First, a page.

EXECUTIVE SUMMARY 9 Force has several experiments planned to improve the system, it believes there are some additional improvements that can be made to the OCS that would increase stand-alone accuracy, availability, and integrity; improve the overall reliability of the system; or simplify day-to-day operations. Recommendations that would result in greater stand-alone GPS accuracy and integrity include uploading more current clock and orbit information to all satellites, increasing the number of monitor sites, reducing the clock and ephemeris errors, and improving Block IIR and Block IIF integrity monitoring capability. In addition, the NRC committee found a need for (1) a simulator to test software and train personnel, (2) modern receivers at the monitor stations, and (3) a permanent, backup master control station. Specifically, the NRC committee recommends: Additional GPS monitoring stations should be added to the existing operational control segment. Comparison studies between cost and location should be completed to determine if Defense Mapping Agency or Air Force sites should be used. The operational control segment Kalman Filter should be improved to solve for all GPS satellites' clock and ephemeris errors simultaneously through the elimination of partitioning, and the inclusion of more accurate dynamic models. These changes should be implemented in the 1995 OCS upgrade request for proposal. Procurements for the replacement of the monitor station receivers, computers, and software should be carefully coordinated. The new receivers should be capable of tracking all satellites in view and providing C/ A-code, Y-code, and L1, and L2 carrier observables to the OCS. Upgradability to track a new L4 signal also should be considered. OCS software also should be made capable of processing this additional data. Firm plans should be made to ensure the continuous availability of a backup master control station. A simulator for the space and ground segment should be provided as soon as possible to test software and train personnel. The operational control segment software should be updated using modern software engineering methods in order to permit easy and cost-effective updating of the system and to enhance system integrity. This should be specified in the 1995 OCS upgrade request for proposal. The planned Block IIR operation should be reexamined and compared to the accuracy advantages gained by incorporating inter-satellite ranging data in the ground-based Kalman Filter and uploading data at some optimal time interval, such as every hour, to all GPS satellites.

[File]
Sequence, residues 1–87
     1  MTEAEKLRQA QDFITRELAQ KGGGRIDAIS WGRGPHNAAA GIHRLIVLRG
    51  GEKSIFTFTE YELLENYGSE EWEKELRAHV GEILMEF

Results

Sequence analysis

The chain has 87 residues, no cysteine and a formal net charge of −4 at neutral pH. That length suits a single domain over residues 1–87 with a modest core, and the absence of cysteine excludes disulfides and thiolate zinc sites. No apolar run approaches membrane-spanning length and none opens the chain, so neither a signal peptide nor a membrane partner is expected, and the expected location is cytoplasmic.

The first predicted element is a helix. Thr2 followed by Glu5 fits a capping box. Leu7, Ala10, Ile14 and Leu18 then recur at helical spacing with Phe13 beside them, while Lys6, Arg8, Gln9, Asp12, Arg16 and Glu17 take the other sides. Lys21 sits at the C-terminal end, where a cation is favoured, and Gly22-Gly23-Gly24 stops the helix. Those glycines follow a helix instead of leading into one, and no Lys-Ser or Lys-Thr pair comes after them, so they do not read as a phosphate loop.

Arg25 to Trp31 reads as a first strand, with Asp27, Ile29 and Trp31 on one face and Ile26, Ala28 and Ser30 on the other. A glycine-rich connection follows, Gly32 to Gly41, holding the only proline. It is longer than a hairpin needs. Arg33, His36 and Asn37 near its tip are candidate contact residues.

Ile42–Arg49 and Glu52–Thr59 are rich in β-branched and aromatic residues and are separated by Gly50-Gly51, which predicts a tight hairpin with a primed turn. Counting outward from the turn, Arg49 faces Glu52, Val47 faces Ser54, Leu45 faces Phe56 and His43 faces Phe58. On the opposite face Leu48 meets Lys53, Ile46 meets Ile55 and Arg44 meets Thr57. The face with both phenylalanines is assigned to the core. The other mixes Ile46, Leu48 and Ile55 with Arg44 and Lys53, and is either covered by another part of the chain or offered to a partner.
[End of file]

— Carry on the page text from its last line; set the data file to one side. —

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The Global Positioning System (GPS) is a satellite-based navigation system that was originally designed for the U.S. military. However, the number of civilian GPS users now exceeds the military users, and many commercial markets have emerged. This book identifies technical improvements that would enhance military, civilian, and commercial use of the GPS. Several technical improvements are recommended that could be made to enhance the overall system performance.